Gwinnett Gender Dilemma

The Gwinnett County Public School System (GCPS) has come out with a response to the new federal guidelines on treatment of transgender students.  They have taken a step in the right direction.  But what did they actually say, and what does it mean?

Click HERE to view the GCPS statement

One of the key parts from this statement reads as follows:

“After carefully considering the issue, GCPS will continue to provide students with sex-designated restroom facilities, while offering gender-neutral facilities to any student who does not wish to use the restroom facility designated for his or her biological sex.”

Does that put an end to the ridiculous ‘ruling’ by the Obama Administration?  To find out, we need to look at what the feds actually said.

Click HERE to view the federal government statement

The U.S. Department of Justice issued what they call a “Dear Colleague” letter.  One of the sections of interest (apart from the fact that the first page contains a statement in 7 different languages) reads as follows:

“…when a student or the student’s parent or guardian, as appropriate, notifies the school administration that the student will assert a gender identity that differs from previous representations or records, the school will begin treating the student consistent with the student’s gender identity.”

It goes on to say that “…there is no medical diagnosis or treatment requirement that students must meet as a prerequisite to being treated consistent with their gender identity.”  No documentation is required, no note from a doctor.  Instead, “Gender identity refers to an individual’s internal sense of gender. A person’s gender identity may be different from or the same as the person’s sex assigned at birth.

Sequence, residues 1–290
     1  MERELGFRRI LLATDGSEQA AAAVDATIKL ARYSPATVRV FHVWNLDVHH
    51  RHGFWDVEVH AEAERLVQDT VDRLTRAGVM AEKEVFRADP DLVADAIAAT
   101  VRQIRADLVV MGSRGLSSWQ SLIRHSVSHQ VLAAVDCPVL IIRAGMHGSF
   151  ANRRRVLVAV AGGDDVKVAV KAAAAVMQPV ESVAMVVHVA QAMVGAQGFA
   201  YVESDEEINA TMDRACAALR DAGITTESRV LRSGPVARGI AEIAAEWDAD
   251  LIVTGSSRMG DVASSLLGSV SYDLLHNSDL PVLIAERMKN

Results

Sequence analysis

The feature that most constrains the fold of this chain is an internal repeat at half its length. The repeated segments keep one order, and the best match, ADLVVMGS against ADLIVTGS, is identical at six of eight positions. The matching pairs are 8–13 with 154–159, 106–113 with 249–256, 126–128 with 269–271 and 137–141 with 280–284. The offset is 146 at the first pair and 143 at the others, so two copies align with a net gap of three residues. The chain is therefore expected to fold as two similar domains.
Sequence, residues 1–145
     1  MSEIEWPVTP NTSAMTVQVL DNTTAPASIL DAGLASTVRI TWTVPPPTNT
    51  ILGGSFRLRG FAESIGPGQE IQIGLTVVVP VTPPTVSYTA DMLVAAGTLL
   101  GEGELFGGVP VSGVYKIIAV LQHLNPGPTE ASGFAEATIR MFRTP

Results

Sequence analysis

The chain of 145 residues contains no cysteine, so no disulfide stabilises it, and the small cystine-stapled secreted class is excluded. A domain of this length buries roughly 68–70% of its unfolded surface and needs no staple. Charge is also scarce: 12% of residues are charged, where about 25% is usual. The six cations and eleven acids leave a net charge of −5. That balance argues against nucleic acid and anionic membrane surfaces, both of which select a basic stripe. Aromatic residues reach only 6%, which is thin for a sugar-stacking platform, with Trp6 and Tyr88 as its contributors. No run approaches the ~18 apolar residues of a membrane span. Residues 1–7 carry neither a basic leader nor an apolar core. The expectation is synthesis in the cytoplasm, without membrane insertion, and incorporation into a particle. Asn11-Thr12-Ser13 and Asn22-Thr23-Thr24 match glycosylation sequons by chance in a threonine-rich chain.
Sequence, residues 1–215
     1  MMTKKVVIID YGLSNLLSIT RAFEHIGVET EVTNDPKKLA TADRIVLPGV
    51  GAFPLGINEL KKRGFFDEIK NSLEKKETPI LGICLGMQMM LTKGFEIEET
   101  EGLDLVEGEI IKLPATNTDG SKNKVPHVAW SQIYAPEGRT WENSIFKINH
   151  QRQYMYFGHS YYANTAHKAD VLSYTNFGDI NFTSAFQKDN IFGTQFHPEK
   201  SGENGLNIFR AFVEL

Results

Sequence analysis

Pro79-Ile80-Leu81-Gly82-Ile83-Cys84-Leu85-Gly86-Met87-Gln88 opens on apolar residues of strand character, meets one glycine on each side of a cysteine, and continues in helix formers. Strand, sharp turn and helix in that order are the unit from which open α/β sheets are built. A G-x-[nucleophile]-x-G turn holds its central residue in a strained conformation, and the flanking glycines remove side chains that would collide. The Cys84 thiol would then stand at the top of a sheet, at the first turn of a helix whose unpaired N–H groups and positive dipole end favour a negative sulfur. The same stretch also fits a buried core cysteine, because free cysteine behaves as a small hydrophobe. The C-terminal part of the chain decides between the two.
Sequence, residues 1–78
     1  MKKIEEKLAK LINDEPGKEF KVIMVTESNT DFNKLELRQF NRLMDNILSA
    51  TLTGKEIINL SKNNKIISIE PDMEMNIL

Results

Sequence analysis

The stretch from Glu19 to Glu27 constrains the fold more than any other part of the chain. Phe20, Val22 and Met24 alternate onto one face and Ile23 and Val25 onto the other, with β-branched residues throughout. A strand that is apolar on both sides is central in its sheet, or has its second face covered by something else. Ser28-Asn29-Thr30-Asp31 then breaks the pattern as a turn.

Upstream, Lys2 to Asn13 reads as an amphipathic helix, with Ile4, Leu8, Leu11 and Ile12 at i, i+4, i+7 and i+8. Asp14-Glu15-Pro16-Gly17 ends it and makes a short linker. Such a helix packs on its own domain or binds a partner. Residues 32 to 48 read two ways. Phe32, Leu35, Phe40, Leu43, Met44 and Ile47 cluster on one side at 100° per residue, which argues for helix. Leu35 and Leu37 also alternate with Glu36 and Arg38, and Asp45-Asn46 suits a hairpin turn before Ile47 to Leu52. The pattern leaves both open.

Will the GCPS offer to “provide students with sex-designated restroom facilities” work?  They can provide them, but will they insist that they only be used in accordance with the “person’s sex assigned at birth?”  It looks like their statement needs clarification.

Why does the federal government get to tell Gwinnett County what to do?  Money.  For 2016, GCPS will receive 7.9% ($145 million) of its revenue from the federal government.  If they don’t comply with the new guidelines that money could be reduced or eliminated.  One would think that some money could be saved by not having to provide “gender-neutral” facilities.

But since this year the total budget for the school is 3.2% below what it was last year, why not make more cuts, over a period of a few years, and eliminate the federal money altogether?